It’s no secret that Influencing (I) style people love to communicate and connect. Words seem to flow naturally and in abundance. They can be inspirational, motivating, edifying, and exceptionally entertaining. When tensions rise, they’re often the first to break the silence, crack a joke, and lighten the mood, which is great when appropriate and timely.
But there’s a challenge that many I styles struggle with, and that’s knowing when to say less or even nothing at all when someone is in need of support. Sometimes people need a different vibe when they’re wrestling with tough emotions. And, that’s okay!
I styles just tuning in are probably thinking, “Wait, doesn’t that seem contradictory? Someone needs support, and you want me to say nothing?” Well, sometimes, yes! That is precisely what this is about—increasing your awareness during times of crisis or heightened emotion and knowing when it’s important to say less and listen more.
Words of encouragement can often be misconstrued by others who may not need or want to hear them. They can quickly turn into “toxic positivity.”
This doesn’t mean you’re a toxic person. A very artistic and relatable POPSUGAR video colorfully explains why “toxic positivity” can be harmful in some circumstances and with some people. It features several TikTok creators who break down the basics of when and why platitudes and misguided sympathy can, over time, shift from a moment of support to a breakdown in relationships.
I styles, please note this is not an attack on the very essence of your natural ability to connect. It is a critical connection tactic you can draw on when you meet someone going through a rough patch or even experiencing long-term challenges. It is an empathetic approach to supporting others in the most helpful way to them. Everyone needs empathy, and sometimes it looks a little different from one personality to the next.
D Styles Need Empathy, Too
Remember the “less is more” approach discussed in an earlier blog? Here is where this approach can be your friend while you’re attempting to be a friend. D styles who may be struggling with a personal challenge are likely not advertising to the masses. D’s are the type of friends who often choose close, personal relationships with a very small circle of trusted agents. They have feelings and are very thoughtful and introspective, but you’re likely not going to tap into those thoughts unless you’ve been fully vetted as trustworthy. D’s fear being taken advantage of, and that includes from an emotional standpoint as well. If you are in the inner circle, take the listen first approach. If conversation is welcomed, being an objective and candid sounding board will be appreciated. Sometimes discharging pent-up emotions is just what the D style needs to reset.
Showing Empathy to S Styles
When connecting with others, I and S Styles are two peas in a pod. Both are people-oriented and embrace connecting on a personal level with others. But, sometimes, that pod can get a bit overcrowded and emotionally overwhelming for an S, especially when faced with tough challenges or conflict. There’s a delicate balance to strike for I styles attempting to show support and empathize with S’s. Remember the platitude reference from the TikTok’ers in the video? Too many of those hurled at an S in crisis can drive self-doubt and insecurity. If it’s raining, they want to feel the rain, not hear how beautiful rainbows are after the storm. They may begin to believe you can’t or don’t want to see the rain, leading them to avoid talking to you altogether. When S styles start avoiding people, this is a critical indication that perhaps they don’t feel safe sharing thoughts or feelings. Proceed with caution and with fewer people and words. One-on-one conversations in a private setting can feel less threatening when an S needs to vent or share personal thoughts and feelings.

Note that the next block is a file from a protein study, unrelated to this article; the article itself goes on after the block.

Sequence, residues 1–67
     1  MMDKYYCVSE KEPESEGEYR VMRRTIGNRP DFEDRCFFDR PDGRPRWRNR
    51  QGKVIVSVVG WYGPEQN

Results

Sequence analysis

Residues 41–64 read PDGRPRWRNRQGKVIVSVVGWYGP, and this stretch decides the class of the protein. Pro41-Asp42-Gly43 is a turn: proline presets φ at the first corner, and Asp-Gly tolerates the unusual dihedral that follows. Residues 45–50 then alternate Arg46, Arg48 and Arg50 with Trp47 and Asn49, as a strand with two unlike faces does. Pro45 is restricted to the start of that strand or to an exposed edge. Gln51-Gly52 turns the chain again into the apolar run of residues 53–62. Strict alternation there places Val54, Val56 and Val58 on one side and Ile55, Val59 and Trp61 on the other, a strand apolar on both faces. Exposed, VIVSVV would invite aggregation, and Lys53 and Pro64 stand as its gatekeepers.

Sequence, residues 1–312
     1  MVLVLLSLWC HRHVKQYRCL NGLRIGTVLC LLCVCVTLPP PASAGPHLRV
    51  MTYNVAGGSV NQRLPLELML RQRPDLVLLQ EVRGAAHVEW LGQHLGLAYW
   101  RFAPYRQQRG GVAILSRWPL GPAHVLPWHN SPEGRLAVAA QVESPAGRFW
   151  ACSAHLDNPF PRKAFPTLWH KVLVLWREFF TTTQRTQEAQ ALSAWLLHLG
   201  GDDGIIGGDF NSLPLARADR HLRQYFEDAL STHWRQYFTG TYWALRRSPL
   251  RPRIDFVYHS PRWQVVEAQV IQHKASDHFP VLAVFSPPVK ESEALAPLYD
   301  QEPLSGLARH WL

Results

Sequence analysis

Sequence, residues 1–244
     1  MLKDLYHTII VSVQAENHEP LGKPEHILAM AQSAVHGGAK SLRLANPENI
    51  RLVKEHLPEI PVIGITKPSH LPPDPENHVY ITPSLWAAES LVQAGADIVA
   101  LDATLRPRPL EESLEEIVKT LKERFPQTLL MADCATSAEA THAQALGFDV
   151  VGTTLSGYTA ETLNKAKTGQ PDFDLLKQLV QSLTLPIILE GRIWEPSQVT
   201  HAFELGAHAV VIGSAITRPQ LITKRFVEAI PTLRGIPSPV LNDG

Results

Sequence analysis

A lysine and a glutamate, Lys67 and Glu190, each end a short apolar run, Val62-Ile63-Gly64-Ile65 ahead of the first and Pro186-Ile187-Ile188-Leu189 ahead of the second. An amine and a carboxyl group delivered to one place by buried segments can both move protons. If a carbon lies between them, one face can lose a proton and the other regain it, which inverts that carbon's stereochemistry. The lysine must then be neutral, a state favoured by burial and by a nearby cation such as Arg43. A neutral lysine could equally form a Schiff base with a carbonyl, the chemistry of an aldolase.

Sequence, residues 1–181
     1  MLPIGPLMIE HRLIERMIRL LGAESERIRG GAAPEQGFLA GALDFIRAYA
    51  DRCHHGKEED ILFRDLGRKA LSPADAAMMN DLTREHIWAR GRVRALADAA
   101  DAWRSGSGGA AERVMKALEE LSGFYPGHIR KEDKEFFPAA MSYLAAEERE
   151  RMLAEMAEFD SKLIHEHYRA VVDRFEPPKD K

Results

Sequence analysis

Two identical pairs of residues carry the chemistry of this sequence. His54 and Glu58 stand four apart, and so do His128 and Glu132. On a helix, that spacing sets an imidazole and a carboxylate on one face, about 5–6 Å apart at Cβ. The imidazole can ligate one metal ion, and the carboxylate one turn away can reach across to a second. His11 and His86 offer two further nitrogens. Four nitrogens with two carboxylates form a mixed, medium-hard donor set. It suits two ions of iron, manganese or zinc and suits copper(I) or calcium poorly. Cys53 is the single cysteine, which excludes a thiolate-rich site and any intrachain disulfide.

Showing Empathy to C Styles
You know the saying, “opposites attract?” This couldn’t be further from the truth when it comes to I and C behavioral styles. By nature, they are opposite in their preferred communication styles, work preferences, and even relationship preferences. But, even opposites can still be supportive and show empathy despite their differences. Understanding how others prefer to communicate can be a powerful relationship builder. With C styles, sharing thoughts and feelings verbally may be a rare occurrence unless, like the D style, you’re in their “circle of trust.” There’s a perfect alternative to tunneling into the C’s world that can be useful for the I style if they take the time to slow things down. Here’s a mantra to remember for showing empathy to the C style: when in doubt, type it out. It’s not that they can’t communicate. They simply may prefer to articulate exactly what they want you to understand by writing or typing it out, whether by email, letter, or even a direct message. This is where the “say nothing” reference comes into play. It’s a win-win. They invite you into their world, and you learn what they’re going through and gain a deeper understanding of their challenges from their perspective, thus, building connection and empathy.
In a world where people need connection and empathy, the I style has a substantial behavioral advantage and a critical role in bridging and building positive relationships. Keep shining, laughing, and dropping those cheesy jokes when the situation is devoid of laughter and connection. Just be sure to keep space available for those moments when different vibes are looking for a safe place to land. Remember, you’re not toxic as long as “all vibes are welcome.”